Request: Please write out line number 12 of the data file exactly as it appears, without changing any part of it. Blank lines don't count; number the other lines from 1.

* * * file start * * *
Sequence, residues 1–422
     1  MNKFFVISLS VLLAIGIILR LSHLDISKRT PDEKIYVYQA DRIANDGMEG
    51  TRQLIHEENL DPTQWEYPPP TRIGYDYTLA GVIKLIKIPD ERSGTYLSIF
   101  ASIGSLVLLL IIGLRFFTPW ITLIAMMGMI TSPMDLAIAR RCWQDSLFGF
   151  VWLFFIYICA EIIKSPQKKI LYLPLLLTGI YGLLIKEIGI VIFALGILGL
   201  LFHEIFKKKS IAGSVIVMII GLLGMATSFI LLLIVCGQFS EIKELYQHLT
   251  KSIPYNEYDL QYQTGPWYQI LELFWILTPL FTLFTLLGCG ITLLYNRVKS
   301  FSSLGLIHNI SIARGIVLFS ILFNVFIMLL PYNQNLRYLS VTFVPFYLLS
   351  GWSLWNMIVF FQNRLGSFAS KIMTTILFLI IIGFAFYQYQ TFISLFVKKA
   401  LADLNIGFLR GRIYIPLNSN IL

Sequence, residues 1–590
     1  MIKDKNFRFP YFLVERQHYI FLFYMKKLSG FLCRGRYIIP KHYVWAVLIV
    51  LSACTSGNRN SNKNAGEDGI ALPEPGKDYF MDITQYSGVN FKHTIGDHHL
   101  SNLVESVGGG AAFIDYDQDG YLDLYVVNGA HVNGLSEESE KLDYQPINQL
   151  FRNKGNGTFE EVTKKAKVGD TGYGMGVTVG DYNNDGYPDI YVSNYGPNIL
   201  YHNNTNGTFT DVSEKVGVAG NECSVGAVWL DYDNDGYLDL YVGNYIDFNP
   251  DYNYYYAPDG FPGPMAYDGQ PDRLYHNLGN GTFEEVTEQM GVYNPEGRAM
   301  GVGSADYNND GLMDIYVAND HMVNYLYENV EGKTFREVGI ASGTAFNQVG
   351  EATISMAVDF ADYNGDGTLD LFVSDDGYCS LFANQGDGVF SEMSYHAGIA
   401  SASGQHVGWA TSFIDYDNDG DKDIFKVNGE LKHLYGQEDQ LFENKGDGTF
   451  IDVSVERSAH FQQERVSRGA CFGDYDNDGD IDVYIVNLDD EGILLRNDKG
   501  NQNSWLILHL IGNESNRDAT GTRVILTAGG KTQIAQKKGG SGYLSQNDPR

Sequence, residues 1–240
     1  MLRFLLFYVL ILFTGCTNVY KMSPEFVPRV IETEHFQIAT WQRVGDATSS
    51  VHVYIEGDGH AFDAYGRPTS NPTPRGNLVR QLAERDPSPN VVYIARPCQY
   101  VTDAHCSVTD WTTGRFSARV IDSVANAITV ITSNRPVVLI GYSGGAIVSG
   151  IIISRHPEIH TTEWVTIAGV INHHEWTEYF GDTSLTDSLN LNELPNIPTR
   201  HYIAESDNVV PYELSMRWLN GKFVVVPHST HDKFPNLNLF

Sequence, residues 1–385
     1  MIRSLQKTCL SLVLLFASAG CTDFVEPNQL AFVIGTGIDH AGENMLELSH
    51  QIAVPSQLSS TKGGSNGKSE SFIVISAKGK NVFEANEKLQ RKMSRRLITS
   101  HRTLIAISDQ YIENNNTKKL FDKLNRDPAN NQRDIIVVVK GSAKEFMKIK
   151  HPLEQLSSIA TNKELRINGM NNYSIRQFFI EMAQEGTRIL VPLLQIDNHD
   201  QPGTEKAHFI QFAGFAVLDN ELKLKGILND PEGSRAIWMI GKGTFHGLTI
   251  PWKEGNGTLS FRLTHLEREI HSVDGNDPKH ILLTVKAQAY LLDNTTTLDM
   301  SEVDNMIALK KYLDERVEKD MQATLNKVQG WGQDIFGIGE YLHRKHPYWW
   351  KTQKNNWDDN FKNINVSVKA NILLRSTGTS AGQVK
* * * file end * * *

     1  MIKDKNFRFP YFLVERQHYI FLFYMKKLSG FLCRGRYIIP KHYVWAVLIV